I live on Wingford Road (behind Brixton Prison), and already have two Sainsbury’s Local stores in well under half a mile: at 76 Brixton Hill, and at 266-270 Brixton Hill and in total I have seven Sainsbury’s stores within a mile of me. It’s clear I’m more than well catered for by a big supermarket. But to add to that I’ve got a Tesco Express within a quarter of a mile - at 30 Streatham Place - and a total of five Tescos within a mile. So doing the sums, that’s three supermarket stores within half a mile and a total of 12 within a mile. The figures speak of complete madness. There’s no community or customer case for more. It seems to me that the only reason for Tesco to seek to open yet another store is to play catch-up with Sainsbury’s. Don’t get me wrong, I’m not taking sides here. I don’t think there should be more stores from any of the big supermarkets in this area.

The Sainsbury's Local store on the corner of Lambert Road and Brixton Hill.  The area is more than catered for by big supermarkets.

A letter of consultation (here’s the 2nd page) has been sent out by Matt Magee, Tesco Corporate Affairs Manager, apparently to local residents and businesses. The disturbing thing is that few of the local shopkeepers I spoke to seemed to have received it. And I haven’t received it either. I will be writing to Tesco today to try to understand why many local people - whose lives will be affected by the store - have not been contacted. I will also be asking if they have carried out any kind of local impact assessment.

Furthermore I’m trying to establish contact with the owners of the George IV to try to understand their reasons for selling up and if anything can be done to help them keep it as a pub.

Tesco’s letter is a bit threadbare and makes some questionable assertions. It says that “about” 20 local full and part-time jobs will be created. But how many will be lost elsewhere as a result of this? It claims that staff in its stores act as “a deterrent to anti-social behaviour”, even though, unlike may staff employed by pubs, they are not trained in dealing with anti-social behaviour. The basis on which the Tesco store will therefore act as a deterrent seems tenuous. Unfortunately Tesco says it already has permission to operate the site as a convenience store, and that all that remains is for it to get council approval for the removal of railings, turning the beer garden into a car park, adding signage etc. I’ve looked at planning applications currently before the council on its database and Tesco certainly hasn’t put in applications for everything it wants to do.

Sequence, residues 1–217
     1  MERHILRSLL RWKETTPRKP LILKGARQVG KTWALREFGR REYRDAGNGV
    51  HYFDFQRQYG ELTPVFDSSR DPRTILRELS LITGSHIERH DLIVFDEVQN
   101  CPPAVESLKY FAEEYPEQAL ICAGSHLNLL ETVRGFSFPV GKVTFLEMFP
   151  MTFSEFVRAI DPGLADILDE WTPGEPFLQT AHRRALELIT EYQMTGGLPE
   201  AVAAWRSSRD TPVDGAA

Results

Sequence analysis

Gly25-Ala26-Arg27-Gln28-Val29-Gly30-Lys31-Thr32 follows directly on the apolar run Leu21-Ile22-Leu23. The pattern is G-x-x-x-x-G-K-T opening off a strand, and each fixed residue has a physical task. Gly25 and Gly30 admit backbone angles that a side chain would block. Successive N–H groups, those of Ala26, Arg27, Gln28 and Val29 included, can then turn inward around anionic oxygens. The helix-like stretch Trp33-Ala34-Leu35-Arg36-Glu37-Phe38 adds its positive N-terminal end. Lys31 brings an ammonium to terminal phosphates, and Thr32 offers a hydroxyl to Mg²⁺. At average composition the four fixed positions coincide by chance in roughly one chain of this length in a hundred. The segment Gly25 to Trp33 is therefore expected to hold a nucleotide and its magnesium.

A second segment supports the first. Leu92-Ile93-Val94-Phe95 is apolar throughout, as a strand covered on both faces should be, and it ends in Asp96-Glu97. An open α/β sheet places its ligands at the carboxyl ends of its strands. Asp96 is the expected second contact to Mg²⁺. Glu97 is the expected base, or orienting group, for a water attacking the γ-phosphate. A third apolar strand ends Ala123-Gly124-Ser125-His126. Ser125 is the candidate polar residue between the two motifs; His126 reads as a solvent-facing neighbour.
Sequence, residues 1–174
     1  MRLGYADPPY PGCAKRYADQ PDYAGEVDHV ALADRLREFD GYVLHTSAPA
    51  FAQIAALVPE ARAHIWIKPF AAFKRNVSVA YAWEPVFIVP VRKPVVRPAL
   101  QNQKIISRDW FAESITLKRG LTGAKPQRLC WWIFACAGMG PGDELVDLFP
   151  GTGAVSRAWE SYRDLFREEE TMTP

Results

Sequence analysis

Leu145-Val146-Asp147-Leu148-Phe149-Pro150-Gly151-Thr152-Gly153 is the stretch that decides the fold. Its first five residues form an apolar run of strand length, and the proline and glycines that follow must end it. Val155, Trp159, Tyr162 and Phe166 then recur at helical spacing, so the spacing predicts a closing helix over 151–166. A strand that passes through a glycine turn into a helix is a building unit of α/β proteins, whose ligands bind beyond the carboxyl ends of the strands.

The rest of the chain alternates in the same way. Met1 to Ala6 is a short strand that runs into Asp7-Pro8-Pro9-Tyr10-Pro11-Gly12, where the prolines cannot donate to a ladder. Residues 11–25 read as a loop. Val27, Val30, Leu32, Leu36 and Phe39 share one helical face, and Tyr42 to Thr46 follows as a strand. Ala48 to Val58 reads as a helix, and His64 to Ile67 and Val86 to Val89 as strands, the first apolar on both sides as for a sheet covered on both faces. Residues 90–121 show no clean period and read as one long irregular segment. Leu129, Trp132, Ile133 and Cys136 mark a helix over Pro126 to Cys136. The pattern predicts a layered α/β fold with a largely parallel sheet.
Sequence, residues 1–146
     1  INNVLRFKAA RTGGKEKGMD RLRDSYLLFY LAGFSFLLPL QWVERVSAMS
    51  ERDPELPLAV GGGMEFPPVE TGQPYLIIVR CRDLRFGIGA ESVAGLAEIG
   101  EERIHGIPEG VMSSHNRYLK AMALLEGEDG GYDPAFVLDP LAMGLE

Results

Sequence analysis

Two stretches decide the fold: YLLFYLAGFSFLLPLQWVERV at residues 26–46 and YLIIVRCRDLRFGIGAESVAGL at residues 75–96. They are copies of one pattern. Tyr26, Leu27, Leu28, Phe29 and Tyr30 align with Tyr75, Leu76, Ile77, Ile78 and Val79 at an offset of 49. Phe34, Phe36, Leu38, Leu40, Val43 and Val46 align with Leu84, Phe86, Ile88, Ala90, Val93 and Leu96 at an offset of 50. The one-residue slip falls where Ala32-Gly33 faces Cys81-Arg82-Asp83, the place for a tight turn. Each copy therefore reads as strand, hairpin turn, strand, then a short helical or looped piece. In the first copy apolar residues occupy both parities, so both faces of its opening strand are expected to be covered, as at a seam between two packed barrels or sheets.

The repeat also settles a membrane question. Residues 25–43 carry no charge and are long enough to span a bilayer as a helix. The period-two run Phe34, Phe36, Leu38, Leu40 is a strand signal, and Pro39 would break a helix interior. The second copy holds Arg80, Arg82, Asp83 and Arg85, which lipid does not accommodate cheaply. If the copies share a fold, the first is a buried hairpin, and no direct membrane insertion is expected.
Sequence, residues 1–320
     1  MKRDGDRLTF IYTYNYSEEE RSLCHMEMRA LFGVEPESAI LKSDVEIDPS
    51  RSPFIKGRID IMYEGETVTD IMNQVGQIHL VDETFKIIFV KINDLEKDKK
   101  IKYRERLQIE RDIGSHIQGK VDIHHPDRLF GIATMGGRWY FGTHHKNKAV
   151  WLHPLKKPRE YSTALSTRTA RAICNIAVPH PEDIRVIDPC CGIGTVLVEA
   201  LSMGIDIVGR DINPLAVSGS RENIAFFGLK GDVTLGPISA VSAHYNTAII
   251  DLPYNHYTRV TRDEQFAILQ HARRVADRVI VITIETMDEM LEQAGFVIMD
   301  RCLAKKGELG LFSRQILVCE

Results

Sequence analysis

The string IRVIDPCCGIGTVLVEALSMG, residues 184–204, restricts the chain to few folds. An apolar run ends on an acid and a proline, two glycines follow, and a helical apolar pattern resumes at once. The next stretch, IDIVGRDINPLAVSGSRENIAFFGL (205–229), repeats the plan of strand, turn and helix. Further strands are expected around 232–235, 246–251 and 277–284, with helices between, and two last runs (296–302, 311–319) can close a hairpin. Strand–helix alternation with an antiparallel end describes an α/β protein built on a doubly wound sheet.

We have a fight on our hands - clearly. It’s much easier for Tesco to buy a property - even if it does fall within a conservation area - and make some minor alterations than try to build something from scratch on a brownfield site. We need to show up at the next meeting of the council’s planning committee and raise our objections, but above all we need to show the strength of feeling there is in this wonderful Brixton Hill community of our. We need to deliver a petition with thousands of names and we need to protest and we need to make it clear to Tesco that it will not be receiving our custom. 

There is hope. Go to the website of campaign group Tescopoly and you’ll find plenty of sources of inspiration in campaigns won against the desire and might of the big supermarkets. But we must organise. Again, sign the petition here: and get in touch with either myself, or contact us via Twitter or Facebook

Thanks for your support.

Andrew Child
Lambeth Green Party